John Daley






Indiana University Press


Re-Assessing the Second Corps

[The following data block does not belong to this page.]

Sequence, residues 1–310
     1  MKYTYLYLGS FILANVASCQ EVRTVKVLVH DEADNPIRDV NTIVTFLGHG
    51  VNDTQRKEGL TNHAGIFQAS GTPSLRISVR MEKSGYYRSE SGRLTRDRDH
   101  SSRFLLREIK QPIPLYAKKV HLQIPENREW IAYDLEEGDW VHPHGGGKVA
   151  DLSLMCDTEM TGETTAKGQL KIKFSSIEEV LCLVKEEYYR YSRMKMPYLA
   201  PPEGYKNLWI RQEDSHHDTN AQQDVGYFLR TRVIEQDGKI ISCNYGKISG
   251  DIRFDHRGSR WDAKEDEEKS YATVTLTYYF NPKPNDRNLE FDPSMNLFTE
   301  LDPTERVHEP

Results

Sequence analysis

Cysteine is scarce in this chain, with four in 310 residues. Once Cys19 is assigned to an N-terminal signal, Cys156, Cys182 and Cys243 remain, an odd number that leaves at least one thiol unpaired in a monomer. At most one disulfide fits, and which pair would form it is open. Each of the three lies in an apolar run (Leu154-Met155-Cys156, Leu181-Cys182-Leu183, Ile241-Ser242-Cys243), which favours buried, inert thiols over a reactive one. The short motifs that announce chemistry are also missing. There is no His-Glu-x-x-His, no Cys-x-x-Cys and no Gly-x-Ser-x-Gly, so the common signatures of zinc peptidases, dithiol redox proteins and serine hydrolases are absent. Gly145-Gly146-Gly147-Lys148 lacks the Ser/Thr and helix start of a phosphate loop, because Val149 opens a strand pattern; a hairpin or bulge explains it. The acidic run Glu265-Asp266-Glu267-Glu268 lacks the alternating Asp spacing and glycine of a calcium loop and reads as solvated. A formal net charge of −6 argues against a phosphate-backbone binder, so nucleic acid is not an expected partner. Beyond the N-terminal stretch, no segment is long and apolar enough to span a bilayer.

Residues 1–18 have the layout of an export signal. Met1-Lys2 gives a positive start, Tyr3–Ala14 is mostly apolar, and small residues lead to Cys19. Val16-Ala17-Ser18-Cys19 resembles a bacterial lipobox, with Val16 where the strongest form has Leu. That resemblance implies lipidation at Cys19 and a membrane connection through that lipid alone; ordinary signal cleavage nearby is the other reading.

Not since Francis Walker's History of the Second Corps in the Army of the Potomac appeared in 1887 has anyone attempted a general history of the Army of the Potomac's Second Corps. That a scholarly revision of Walker's useful but at times hagiographical classic has appeared only now is itself instructive. Unlike the regiments whose histories have appeared by the hundreds over the past century and a half, a corps is, at bottom, a headquarters to which army commanders add and subtract subordinate units as each new situation demands. That periodic reorganization, in turn, often affects organizational composition and character profoundly. Also, the corps is an army's highest tactical echelon and its staff, high enough up the chain of command so that any sense of identity more often orients upward. As Kreiser (Stillman College) notes, only when Second Corps staff officer Charles H. Morgan had rejected a request to write its history, on the grounds that the identities of field armies and their component corps were indistinguishable, did Walker undertake the assignment. Exactly how many details had been obscured by this late start cannot be known, and Walker himself sensed that danger. Had Kreiser merely unearthed a few of those details, his contribution would have been significant enough; he accomplished much more. Walker argues that the Second was the most effective corps in the Army of the Potomac, but Kreiser uncovers that distinction's causes, effects, and limitations. However tempting it might have been to frame Second Corps' unsurpassed combat record solely in terms of leadership, Kreiser begins with demographics. Like other corps in the Army of the Potomac, the Second comprised regiments drawn mostly from the Northeast, yet a higher percentage of its original regiments were ethnic and most of those, from New York, Philadelphia, and Boston. Known as the "Democratic Corps" long before the Democrat Hancock rose to command it, the majority of its volunteers fought for the Union to defend their own liberties. Leading a force that contained fewer Republicans and abolitionists than its counterparts was a cadre of field grade and general officers with more military and business experience than was the army-wide norm. Perhaps most important, the Second's first commander, Edwin V. "Old Bull" Sumner did not denigrate volunteers, trained them well, and led them by example in their first major engagement at Fair Oaks, where other union corps fared less well. By the end of the Seven Days, Second Corps had added sound performances at Savage Station and Glendale but here, too, Kreiser, unlike Walker, emphasizes the poor performance of other Union corps and sloppy Confederate coordination as partial causes for success. Regarding Lincoln's appointment of a 63 year old to corps command in the first place, Kreiser makes a compelling case: no one had more experience, charges of favoritism might have come with the appointment of someone younger and, despite his infirmities and the tactical stolidity he would later demonstrate at Antietam, Sumner was still the most able of McClellan's four original corps commanders. Readers familiar with Marion V. Armstrong's Unfurl Those Colors! McClellan, Sumner, and the Second Army Corps in the Antietam Campaign will see no such thorough rehabilitation of Old Bull here, but are likely to agree with Kreiser that at least a partial one is warranted. Ethnically concentrated, politically distinctive, and successful, if partly by default, Second Corps continued to benefit from better unit cohesion than McClellan's other corps and, save for Sumner's assignment of the blue-blooded 29th Massachusetts to the Irish Brigade, the grouping of additional regiments preserved that cohesion. Rather than follow the standard practice of intermingling a new regiment with experienced ones in the same brigade, Sumner kept his most battle-hardened formations undiluted, an organizational scheme generally followed by his Second Corps successors until after the Overland Campaign. But, as Walker observed in 1887, Kreiser reminds us that the hardest fighting yields the highest losses, and the Second sustained more than its share at Antietam, Fredericksburg, and Gettysburg. Command shakeups followed major battles and, whereas Walker sometimes protects reputations unduly, Kreiser commends and chastises with a more even hand. For example, despite the Second's horrendous losses at Fredericksburg, both Sumner and his immediate successor in corps command, Darius Couch, maintained their professionalism by distancing themselves from the more highly politicized efforts to have Burnside removed. While the subsequent transfer of Sumner and relief of Couch come as no surprise in the midst of post-Fredericksburg and post-Chancellorsville finger-pointing, severe losses among experienced subordinate commanders dating from Antietam posed a far larger problem. The looming expiration of three-year enlistments compounded this problem in the Spring of 1864, giving Couch's replacement, Winfield Scott Hancock, a leadership challenge as thorny as any he had faced in battle. One of North's premier field commanders, "Hancock the Superb" had impressed McClellan, Hooker, and Meade with an uncommon coolness under fire since his days as a brigade commander on the Peninsula. His admonition to a nervous staff officer that "[t]here are times when a corps commander's life does not count" fittingly approaches legend, and Kreiser detracts from none of that. However, unlike Walker's Hancock, Kreiser's makes avoidable and occasionally inexcusable mistakes that contribute to his command's disintegration just as surely as had its casualty count. As to exactly when the physical and psychological effects of that casualty count became terminal, the author offers an alternative to Morgan's frequently accepted assessment. The high combat losses following Cold Harbor, Kreiser argues, indicate that Petersburg, not Spotsylvania, was the breaking point. Given that severe losses sometimes stem from other causes than aggressiveness, a point that the author compellingly makes elsewhere, that conclusion is impeachable. At Petersburg, Hancock attributed the uncharacteristic sluggishness to fatigue, an explanation that Walker takes at face value. Noting well-documented instances where worn-out veterans in long-serving regiments not only refused to attack, but urged their untried counterparts in newly arrived units to hunker down as well, Kreiser casts serious doubt on Hancock's explanation. Whether the "Petersburg syndrome" that took hold in the summer of 1864 stemmed more from the degradation of Second Corps' component formations or improved Confederate defensive positions -- no longer mere stone walls or sunken roads -- remains indefinite (199). The reevaluation of Hancock and some of his major subordinates as leaders is more clearly presented and difficult to rejoin. Some of the excessive casualty counts from June 1864 on were their fault. At Cold Harbor, Francis Barlow (First Division) and John Gibbon (Second Division) purposely placed new regiments in the first wave because they correctly suspected that combat-wise veterans of the Wilderness and Spotsylvania might be less willing to press an assault against improved defenses and, one can infer, long odds. Hancock advised his superiors against further attacks as that situation deteriorated, but the same tactical sense eluded him in key instances during the Petersburg Campaign. Perhaps more surprising, his feel for organizational cohesion left him as well. After Second Corps had advanced with an unsecured flank at Jerusalem Plank Road and suffered the consequences, Hancock reacted by "ruthlessly consolidating units," even though allowing Second and Sixth Corps to advance without mutual support had been Meade's idea (203). Hancock's crackdown only disrupted unit integrity and morale further. In the wake of an even more ignominious defeat at Ream's Station five weeks later, Gibbon deprived several poorly performing Second Division regiments of their right to carry colors. This calculated humiliation proved too extreme even for Hancock, but Meade soon instituted the policy on an army-wide basis. Although later rescinded, authorization for mass punishment of this sort aptly expressed the frustrations of an ever more static war of position; a war increasingly at odds with an entire army's training and prior combat experience. If we accept Kreiser's carefully supported arguments -- that the Second's demographic characteristics, better leaders, and pride transcendent of the usual regimental loyalties had made it the linchpin of an army prior to Petersburg -- it follows that those frustrations must have been all the more grievous for its own soldiers. And although the author is to be commended for staying focused on the organization rather than its most famous commander, Hancock understandably occupies center stage at key moments. No longer do we see Walker's superhero, but a protagonist who, in feverishly seeking redemption for a handful of eleventh hour reverses, destroys much of what he had helped build. A former Armor officer, John Daley is an Associate Professor of History at Pittsburg State University in southeastern Kansas, where he teaches military history courses.